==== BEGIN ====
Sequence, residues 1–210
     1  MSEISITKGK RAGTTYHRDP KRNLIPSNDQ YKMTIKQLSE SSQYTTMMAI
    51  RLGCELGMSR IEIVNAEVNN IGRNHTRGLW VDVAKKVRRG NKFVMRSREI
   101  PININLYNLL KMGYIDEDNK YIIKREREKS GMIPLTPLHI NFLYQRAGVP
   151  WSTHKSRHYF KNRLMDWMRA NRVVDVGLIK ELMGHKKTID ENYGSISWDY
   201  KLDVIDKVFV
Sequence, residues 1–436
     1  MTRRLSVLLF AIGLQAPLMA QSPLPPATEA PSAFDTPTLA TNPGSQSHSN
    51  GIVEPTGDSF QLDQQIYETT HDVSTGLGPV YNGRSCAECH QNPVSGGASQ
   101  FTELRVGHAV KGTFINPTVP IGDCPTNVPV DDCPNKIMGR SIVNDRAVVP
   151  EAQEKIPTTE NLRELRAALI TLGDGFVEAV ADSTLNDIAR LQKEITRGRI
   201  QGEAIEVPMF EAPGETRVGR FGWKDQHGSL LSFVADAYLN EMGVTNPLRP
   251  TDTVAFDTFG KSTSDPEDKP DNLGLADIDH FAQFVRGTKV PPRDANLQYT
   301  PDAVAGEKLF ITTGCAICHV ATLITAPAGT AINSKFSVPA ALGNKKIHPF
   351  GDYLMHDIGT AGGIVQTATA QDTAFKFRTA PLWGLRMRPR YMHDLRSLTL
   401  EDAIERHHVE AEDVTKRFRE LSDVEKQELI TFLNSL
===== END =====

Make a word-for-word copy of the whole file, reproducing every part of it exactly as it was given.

Sequence, residues 1–210
     1  MSEISITKGK RAGTTYHRDP KRNLIPSNDQ YKMTIKQLSE SSQYTTMMAI
    51  RLGCELGMSR IEIVNAEVNN IGRNHTRGLW VDVAKKVRRG NKFVMRSREI
   101  PININLYNLL KMGYIDEDNK YIIKREREKS GMIPLTPLHI NFLYQRAGVP
   151  WSTHKSRHYF KNRLMDWMRA NRVVDVGLIK ELMGHKKTID ENYGSISWDY
   201  KLDVIDKVFV
Sequence, residues 1–436
     1  MTRRLSVLLF AIGLQAPLMA QSPLPPATEA PSAFDTPTLA TNPGSQSHSN
    51  GIVEPTGDSF QLDQQIYETT HDVSTGLGPV YNGRSCAECH QNPVSGGASQ
   101  FTELRVGHAV KGTFINPTVP IGDCPTNVPV DDCPNKIMGR SIVNDRAVVP
   151  EAQEKIPTTE NLRELRAALI TLGDGFVEAV ADSTLNDIAR LQKEITRGRI
   201  QGEAIEVPMF EAPGETRVGR FGWKDQHGSL LSFVADAYLN EMGVTNPLRP
   251  TDTVAFDTFG KSTSDPEDKP DNLGLADIDH FAQFVRGTKV PPRDANLQYT
   301  PDAVAGEKLF ITTGCAICHV ATLITAPAGT AINSKFSVPA ALGNKKIHPF
   351  GDYLMHDIGT AGGIVQTATA QDTAFKFRTA PLWGLRMRPR YMHDLRSLTL
   401  EDAIERHHVE AEDVTKRFRE LSDVEKQELI TFLNSL